“Lord, if my brother sins against me, how often must I forgive him?"



Today's Gospel deals with an issue we all experience in our lives because we are broken and scarred by sin. We all want perfect relationships, we seek love, communion and friendship by nature because these things are affirming and give life. The problems occur because sometimes we claim these goods on our terms only and refuse to consider any other perspective.

Of course, it's hard to forgive someone if they aren't sorry too.

The Gospel message seeks to change us; to change our hearts. Proximity to Christ, to the Sacraments, also facilitates grace which changes us ontologically and opens our lives to change and forgiveness. Afterall, if Heaven means perfect Communion, how can we be fit for Heaven if we still harbour resentment and bitterness in our own hearts?

Part of the process relies on self knowledge. γνῶθι σεαυτόνis--know thyself--is one of the Delphic maxims inscribed in the pronaos (forecourt) of the Temple of Apollo at Delphi. In a Catholic context we work toward this through self examination and contrition. It is this self-understanding and acknowledgement of our need of assistance (grace) in order to prepare ourselves for Heaven that form the conduit for us to be merciful in turn, just as the Gospel today teaches us.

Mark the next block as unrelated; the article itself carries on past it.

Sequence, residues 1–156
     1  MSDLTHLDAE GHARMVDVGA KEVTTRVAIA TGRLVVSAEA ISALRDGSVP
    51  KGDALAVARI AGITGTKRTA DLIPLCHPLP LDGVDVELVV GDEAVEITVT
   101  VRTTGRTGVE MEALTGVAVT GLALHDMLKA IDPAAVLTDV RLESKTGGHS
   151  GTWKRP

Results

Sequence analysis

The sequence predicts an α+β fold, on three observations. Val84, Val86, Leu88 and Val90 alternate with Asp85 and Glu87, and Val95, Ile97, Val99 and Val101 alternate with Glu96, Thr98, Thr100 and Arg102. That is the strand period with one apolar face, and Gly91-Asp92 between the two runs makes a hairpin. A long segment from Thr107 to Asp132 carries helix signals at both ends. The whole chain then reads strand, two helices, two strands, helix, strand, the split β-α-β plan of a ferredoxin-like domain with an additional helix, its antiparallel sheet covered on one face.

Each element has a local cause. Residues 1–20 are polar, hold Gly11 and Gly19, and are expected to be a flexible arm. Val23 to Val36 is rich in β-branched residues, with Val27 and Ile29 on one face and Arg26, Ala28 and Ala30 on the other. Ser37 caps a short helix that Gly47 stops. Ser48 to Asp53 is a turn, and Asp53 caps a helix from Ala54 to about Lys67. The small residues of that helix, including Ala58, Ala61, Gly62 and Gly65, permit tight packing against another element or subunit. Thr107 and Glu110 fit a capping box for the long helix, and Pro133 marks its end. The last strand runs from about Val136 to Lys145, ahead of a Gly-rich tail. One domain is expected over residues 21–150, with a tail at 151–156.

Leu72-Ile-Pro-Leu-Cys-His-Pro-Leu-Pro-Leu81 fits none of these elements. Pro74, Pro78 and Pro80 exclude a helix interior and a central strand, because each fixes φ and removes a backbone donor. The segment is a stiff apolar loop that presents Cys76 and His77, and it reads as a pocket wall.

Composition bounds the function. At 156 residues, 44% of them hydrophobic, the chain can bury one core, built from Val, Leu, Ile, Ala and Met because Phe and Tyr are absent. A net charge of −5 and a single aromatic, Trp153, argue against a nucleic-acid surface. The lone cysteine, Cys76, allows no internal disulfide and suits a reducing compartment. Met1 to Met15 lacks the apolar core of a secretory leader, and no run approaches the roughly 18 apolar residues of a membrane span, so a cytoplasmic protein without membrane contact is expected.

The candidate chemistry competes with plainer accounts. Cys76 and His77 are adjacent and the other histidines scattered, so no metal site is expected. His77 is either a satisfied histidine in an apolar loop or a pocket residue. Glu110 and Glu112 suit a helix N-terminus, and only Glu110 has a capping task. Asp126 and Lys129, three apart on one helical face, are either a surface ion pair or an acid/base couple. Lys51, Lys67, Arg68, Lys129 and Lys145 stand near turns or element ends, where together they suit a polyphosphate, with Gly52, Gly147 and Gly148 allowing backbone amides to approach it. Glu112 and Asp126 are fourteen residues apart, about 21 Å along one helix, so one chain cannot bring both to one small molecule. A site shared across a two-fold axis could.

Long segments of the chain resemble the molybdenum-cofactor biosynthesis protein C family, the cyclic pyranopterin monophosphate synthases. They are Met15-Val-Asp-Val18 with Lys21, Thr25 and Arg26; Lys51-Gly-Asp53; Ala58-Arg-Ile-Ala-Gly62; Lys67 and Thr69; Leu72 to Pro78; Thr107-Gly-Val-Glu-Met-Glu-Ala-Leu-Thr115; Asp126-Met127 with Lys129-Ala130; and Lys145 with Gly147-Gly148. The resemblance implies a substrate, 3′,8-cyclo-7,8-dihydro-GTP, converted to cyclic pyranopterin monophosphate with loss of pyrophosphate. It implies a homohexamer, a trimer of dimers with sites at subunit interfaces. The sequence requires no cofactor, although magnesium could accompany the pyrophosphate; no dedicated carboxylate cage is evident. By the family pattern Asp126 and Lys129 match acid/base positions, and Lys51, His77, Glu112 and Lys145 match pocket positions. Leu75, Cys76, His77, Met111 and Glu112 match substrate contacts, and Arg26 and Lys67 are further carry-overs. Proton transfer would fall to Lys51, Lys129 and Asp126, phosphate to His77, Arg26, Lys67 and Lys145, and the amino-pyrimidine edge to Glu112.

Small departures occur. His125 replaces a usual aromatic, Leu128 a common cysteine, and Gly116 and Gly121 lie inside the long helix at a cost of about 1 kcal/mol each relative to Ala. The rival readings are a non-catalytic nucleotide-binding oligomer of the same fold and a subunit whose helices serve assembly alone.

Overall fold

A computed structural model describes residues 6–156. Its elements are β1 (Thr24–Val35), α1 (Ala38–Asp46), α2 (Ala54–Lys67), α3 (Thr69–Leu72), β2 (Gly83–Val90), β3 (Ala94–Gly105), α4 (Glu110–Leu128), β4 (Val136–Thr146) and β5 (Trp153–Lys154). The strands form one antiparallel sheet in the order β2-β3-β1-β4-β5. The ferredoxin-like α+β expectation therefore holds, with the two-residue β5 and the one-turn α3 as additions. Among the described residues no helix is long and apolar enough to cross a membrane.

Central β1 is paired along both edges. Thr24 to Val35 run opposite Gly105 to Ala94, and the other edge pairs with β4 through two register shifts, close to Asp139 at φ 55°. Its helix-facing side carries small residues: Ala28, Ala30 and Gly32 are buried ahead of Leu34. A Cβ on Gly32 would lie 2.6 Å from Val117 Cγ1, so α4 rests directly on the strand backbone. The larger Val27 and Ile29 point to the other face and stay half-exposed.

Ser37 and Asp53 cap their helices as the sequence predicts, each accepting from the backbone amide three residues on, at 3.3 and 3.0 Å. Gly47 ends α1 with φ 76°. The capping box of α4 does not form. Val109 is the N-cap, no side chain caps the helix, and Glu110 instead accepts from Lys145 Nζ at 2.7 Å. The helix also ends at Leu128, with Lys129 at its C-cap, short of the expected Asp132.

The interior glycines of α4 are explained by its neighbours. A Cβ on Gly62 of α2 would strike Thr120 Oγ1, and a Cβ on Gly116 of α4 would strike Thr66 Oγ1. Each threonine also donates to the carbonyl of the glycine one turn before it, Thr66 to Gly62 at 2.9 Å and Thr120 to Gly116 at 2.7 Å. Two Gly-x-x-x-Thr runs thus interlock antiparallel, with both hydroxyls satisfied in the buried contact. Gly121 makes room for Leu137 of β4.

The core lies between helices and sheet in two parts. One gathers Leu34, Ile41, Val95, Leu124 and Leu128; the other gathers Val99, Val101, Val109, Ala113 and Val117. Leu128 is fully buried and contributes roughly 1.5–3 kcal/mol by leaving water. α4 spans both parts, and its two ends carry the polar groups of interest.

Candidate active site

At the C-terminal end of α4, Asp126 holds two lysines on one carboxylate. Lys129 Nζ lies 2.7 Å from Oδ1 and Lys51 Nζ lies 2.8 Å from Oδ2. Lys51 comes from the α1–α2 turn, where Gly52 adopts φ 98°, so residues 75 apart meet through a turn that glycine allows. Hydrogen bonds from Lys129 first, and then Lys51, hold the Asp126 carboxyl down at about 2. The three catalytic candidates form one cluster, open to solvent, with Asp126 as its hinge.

The First Reading entreats us to bear the correct disposition for this, and recalls the constant theme of the Old Testament with regard to Worship: The Lord does not want empty words and lip-service. Our Worship must be authentic and from the heart:
But may the contrite soul, the humbled spirit be as acceptable to you
as holocausts of rams and bullocks,
as thousands of fattened lambs:
such let our sacrifice be to you today,
and may it be your will that we follow you wholeheartedly,
since those who put their trust in you will not be disappointed.
And now we put our whole heart into following you,
into fearing you and seeking your face once more.
It is in recognition of our proper place before almighty God that we begin to understand and gain Wisdom. This can not be an over accentuation of mercy. The mercy comes, yes, and God abounds in mercy, but an essential dimension of that mercy is His justice. Humility before that Justice brings forth His mercy, just as the Master in the Gospel forgives the servant.

Are we so excited about the proclamation of the Kingdom that we have we forgotten the call to conversion? Jesus says "Repent and believe the Good News", let us pray that these words of Jesus' public ministry may be heard by all who dwell in sin. May we know that the Lord calls us to conversion, and may we experience life-giving repentance!

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